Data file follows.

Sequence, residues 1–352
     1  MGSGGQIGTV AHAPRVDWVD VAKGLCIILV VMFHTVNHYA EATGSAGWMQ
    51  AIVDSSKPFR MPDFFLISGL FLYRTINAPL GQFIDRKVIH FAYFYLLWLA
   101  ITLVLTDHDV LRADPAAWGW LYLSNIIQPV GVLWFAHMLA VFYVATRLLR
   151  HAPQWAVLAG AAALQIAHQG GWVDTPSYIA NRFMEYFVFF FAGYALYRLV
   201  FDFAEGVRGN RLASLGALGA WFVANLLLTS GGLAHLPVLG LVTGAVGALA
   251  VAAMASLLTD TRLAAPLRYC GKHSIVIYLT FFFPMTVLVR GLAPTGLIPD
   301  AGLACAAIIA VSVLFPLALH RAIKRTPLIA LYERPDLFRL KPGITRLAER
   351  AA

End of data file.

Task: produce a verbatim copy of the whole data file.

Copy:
Sequence, residues 1–352
     1  MGSGGQIGTV AHAPRVDWVD VAKGLCIILV VMFHTVNHYA EATGSAGWMQ
    51  AIVDSSKPFR MPDFFLISGL FLYRTINAPL GQFIDRKVIH FAYFYLLWLA
   101  ITLVLTDHDV LRADPAAWGW LYLSNIIQPV GVLWFAHMLA VFYVATRLLR
   151  HAPQWAVLAG AAALQIAHQG GWVDTPSYIA NRFMEYFVFF FAGYALYRLV
   201  FDFAEGVRGN RLASLGALGA WFVANLLLTS GGLAHLPVLG LVTGAVGALA
   251  VAAMASLLTD TRLAAPLRYC GKHSIVIYLT FFFPMTVLVR GLAPTGLIPD
   301  AGLACAAIIA VSVLFPLALH RAIKRTPLIA LYERPDLFRL KPGITRLAER
   351  AA